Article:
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Dealing with Bad Reviews

““Customer experience is the new marketing.” - Steve Cannon, CEO, Mercedes-Benz”

Dealing with Bad Reviews

Over the last 15 years, organizations have adjusted to the reality that customers are increasingly in control. Information about products, services, pricing, and more are readily available on our websites — or other websites — with the expectation that customers can get to them at any time from anywhere without any obligation. Marketing exploded in this new reality, with multiple channels and ways to reach customers in the physical and digital world. Messaging was everything.

An equally profound shift has happened in the last five years, and I see many organizations still struggling to come to grips with it.

Customers now control our information and our messaging.

Our customers now get to say who we are and how good we are. Frustrating? It can be. Unfair? Sometimes. Ignore it and you’re toast.

The Truth is Out There

92% of customers read online peer reviews such as Yelp when shopping for a product or service, and 80% trust reviews as much as a personal recommendation.

I recently sat with a healthcare organization that serves hundreds of satisfied patients a day. Their Yelp page contained a few dozen mostly negative reviews. Those reviews represented a few dozen lost customers and likely hundreds of failed new customer acquisitions. Those failed acquisitions were patients who had identified their need for a provider, selected this organization as a potential provider, researched before scheduling an appointment, and then selected a different provider because of those negative peer reviews. Customer experience had punched a big hole right in the bottom of the marketing funnel.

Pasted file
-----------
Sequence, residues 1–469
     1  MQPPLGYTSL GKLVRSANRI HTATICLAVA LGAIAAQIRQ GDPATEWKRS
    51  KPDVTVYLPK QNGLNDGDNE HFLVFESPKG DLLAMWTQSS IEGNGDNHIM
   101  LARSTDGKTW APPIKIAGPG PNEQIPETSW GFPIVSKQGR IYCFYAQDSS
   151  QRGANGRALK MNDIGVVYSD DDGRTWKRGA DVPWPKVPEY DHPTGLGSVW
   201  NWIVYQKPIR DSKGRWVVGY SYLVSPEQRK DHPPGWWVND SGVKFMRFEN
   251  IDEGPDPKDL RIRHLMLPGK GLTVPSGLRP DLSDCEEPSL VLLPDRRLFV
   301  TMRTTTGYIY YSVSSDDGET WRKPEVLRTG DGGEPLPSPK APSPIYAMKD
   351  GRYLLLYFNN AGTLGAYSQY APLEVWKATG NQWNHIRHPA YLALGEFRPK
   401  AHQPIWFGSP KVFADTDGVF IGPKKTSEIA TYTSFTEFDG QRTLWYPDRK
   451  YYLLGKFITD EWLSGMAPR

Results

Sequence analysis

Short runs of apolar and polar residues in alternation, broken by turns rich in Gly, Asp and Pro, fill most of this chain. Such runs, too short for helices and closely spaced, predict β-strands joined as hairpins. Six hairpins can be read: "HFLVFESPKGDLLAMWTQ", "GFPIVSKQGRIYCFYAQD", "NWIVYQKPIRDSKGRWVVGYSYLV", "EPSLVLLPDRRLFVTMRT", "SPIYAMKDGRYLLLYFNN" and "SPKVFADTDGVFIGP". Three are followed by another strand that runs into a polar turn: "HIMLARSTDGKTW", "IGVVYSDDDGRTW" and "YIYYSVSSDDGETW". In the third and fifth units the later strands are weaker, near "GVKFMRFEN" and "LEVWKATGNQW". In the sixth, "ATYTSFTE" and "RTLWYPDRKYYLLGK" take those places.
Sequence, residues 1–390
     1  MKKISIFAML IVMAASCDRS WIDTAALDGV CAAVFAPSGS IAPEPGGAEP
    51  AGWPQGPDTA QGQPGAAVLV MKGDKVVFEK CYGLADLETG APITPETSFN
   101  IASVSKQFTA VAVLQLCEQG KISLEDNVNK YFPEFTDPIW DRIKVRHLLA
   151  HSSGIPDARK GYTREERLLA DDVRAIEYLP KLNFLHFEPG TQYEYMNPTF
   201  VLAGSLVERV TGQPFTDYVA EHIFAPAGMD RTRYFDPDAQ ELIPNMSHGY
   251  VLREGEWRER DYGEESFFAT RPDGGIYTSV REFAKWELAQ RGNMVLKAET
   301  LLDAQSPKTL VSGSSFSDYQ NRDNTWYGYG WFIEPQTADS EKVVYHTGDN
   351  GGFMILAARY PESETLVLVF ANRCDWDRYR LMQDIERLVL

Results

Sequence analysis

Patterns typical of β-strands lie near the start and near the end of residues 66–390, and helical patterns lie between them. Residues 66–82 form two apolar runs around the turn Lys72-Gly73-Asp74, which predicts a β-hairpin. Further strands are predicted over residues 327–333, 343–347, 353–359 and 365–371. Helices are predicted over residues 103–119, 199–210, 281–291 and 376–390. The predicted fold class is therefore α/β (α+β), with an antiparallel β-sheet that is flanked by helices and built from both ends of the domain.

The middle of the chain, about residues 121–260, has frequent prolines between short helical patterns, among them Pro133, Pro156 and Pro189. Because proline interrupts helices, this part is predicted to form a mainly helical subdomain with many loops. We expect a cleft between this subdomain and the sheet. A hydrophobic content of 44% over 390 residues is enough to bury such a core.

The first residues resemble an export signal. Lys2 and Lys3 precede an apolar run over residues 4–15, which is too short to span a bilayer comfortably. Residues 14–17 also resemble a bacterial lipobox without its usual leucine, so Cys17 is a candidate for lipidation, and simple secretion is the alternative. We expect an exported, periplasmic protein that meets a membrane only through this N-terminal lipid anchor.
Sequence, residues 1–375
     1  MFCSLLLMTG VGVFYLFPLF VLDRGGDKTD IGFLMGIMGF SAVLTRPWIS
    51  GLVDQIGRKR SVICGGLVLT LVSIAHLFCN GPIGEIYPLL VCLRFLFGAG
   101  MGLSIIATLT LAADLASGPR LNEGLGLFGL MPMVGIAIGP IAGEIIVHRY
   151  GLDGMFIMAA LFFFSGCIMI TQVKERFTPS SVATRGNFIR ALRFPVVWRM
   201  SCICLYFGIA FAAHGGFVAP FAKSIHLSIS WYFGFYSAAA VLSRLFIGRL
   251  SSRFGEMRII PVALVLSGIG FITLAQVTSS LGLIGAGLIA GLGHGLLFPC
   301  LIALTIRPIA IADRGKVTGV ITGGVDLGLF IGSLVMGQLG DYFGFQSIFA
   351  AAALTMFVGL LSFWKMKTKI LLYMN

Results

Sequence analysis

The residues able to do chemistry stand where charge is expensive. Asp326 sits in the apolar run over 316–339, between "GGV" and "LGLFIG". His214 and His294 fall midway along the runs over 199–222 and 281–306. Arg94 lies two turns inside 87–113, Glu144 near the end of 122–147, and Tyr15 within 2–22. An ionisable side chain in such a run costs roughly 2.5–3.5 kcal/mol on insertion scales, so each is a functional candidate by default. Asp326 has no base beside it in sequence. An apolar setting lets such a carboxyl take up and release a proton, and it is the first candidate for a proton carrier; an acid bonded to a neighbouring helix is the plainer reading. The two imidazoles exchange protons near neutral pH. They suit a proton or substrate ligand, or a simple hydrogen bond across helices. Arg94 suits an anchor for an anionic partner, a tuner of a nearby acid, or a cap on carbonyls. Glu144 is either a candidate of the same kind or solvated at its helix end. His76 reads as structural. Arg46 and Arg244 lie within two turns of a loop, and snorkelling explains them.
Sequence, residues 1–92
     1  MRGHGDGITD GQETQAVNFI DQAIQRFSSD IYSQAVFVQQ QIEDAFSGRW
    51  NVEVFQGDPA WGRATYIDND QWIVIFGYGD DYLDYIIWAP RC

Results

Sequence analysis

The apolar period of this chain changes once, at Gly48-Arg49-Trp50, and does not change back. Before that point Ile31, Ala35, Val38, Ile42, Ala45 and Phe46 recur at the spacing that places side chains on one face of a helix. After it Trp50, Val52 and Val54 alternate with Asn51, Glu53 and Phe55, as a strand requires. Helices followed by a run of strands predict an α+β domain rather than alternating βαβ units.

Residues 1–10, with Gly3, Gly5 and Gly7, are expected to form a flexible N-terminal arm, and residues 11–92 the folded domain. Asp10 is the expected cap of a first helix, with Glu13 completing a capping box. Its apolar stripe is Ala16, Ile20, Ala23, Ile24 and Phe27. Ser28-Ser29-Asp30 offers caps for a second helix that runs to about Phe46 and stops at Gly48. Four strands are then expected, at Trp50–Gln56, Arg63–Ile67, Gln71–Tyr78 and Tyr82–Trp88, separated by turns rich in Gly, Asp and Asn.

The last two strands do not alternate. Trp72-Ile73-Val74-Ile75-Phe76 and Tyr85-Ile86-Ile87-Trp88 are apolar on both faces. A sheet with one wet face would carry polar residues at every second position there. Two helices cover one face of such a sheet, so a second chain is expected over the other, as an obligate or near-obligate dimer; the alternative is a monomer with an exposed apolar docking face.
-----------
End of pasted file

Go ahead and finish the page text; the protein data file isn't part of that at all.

Control the Experience, Not the Message

In these situations, old habits die hard. We try to control the message: post replies on Yelp and launch a campaign to invite happy customers to post positive reviews.

This is treating the symptom.

The necessary shift is to accept that we no longer control our own messaging, and that customer experience now demands the kind of intentionality and investment we have learned to give to marketing. If we offer a poor or average customer experience, we’re going to lose a lot of new customers right at the point of conversion. Yet, if we offer a delightful customer experience, customer-controlled messaging can massively increase our reach and new customer acquisition for almost no incremental investment.

Many organizations still think about marketing as the key investment in new customer acquisition, while customer experience lives with operations as an investment in customer retention. But when the customer controls the message, customer experience is a critical investment in new customer acquisition!

Now that the customer controls the message, customer experience is the new marketing.

The steps aren’t complex: Understand your customer’s journey. Fix what is broken. Experiment to build delightful experiences. Then go for the moon: unique, brand-able experiences that set your organization apart.

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